There’s something simultaneously wonderful and woeful about being able to meet up with friends for a fleeting moment. Despite enjoying your time together, you know it won’t last long and something’s changed about them that you can’t quite put your finger on. It’s a bittersweet feeling that increases as adulthood marches on, and gets thrown into high gear if you’re a touring musician spending most of your time on the road. Australian singer/songwriter Stella Donnelly explores the consequences of a transitory life on her newly released single “Lunch,” from her debut album Beware of the Dogs. Her voice rises up high and clear, like an Australian version of CHVRCHES’ Lauren Mayberry, as she sings, “You’ve got plots and persuasions and time to explain / But I’ve only got time for lunch / And I get homesick before I go away.” —Clare Martin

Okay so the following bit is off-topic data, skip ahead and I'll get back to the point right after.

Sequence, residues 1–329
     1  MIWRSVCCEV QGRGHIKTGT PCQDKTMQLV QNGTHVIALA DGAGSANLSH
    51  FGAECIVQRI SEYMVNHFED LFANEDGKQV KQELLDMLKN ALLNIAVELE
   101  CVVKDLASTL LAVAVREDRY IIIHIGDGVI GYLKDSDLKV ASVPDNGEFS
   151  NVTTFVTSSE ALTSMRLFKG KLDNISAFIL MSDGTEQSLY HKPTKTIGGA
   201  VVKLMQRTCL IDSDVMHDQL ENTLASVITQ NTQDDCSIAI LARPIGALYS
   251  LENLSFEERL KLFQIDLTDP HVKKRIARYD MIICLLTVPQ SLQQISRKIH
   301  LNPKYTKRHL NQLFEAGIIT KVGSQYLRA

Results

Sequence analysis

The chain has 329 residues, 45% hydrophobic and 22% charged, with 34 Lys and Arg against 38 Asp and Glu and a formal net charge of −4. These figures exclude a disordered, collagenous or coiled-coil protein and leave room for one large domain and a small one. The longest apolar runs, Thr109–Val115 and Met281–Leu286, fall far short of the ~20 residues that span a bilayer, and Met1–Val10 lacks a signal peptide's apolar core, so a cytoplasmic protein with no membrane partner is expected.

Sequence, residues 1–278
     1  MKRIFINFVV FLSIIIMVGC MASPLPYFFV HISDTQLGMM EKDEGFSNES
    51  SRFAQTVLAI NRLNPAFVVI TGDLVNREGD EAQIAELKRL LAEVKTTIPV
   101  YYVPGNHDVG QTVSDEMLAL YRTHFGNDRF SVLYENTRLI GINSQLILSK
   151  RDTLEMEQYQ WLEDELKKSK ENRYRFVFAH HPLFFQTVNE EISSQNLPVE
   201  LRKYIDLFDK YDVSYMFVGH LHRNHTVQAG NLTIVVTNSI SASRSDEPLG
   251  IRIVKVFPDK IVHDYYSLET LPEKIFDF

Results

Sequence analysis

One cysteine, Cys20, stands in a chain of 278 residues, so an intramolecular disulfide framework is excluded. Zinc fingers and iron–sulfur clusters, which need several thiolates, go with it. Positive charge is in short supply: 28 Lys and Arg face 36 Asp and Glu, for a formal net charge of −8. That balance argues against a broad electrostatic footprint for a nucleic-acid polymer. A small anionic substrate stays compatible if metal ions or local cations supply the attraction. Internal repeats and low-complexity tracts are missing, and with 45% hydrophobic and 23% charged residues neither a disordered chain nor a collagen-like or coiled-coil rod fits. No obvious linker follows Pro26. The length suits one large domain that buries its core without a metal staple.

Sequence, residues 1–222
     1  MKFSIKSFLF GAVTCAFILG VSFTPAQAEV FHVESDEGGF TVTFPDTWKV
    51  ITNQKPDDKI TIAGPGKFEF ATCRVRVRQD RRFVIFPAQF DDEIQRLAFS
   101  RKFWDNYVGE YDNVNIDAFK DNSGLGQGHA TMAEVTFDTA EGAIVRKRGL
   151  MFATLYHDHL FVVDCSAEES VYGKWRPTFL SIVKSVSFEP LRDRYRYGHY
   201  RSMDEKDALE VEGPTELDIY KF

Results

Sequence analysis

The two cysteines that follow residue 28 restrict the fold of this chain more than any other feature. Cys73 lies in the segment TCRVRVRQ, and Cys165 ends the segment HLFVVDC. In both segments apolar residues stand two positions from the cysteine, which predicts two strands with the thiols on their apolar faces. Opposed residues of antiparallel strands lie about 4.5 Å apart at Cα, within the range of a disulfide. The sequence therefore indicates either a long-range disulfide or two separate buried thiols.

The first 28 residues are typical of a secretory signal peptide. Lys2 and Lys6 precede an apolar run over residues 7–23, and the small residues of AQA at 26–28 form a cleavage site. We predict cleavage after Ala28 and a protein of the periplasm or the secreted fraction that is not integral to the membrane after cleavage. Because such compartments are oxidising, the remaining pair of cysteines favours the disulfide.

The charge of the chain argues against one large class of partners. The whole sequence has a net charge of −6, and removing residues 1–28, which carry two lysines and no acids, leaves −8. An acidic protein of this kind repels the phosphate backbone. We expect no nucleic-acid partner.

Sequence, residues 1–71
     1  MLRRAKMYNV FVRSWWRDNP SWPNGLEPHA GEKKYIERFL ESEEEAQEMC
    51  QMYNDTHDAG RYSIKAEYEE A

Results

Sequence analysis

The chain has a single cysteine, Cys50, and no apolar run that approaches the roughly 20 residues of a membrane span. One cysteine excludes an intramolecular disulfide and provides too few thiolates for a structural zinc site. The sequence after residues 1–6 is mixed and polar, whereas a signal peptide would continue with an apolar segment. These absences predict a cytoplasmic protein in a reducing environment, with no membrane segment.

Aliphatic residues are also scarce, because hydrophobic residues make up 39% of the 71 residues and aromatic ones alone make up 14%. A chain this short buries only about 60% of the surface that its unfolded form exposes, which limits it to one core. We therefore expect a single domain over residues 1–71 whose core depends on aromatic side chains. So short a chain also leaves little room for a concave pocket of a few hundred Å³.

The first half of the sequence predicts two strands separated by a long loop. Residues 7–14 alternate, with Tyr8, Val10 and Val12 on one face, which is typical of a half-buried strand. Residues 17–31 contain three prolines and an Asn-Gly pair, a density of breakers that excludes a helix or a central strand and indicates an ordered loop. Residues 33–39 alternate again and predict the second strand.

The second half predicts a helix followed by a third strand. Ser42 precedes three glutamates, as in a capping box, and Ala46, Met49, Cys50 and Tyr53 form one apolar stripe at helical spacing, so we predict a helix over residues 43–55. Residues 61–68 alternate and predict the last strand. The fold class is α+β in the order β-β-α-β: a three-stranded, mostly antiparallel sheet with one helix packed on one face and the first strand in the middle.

“Kids,” the lead single from the Canadian punk outfit’s forthcoming album Morbid Stuff, careens in the background with their usual furious energy as PUP find themselves in Toronto in the year 2059. They’re not exactly where you’d expect. Bassist Nestor Chumak is dealing with a resentful daughter, Zack Mykula plays drums on the street for apathetic passersby, guitarist Steve Sladkowski clings onto his youth with an ageless head device and as for vocalist Stefan Babcock—well, you’ll have to watch to find out what happens to him. —Clare Martin

Better Oblivion Community Center:Dylan Thomas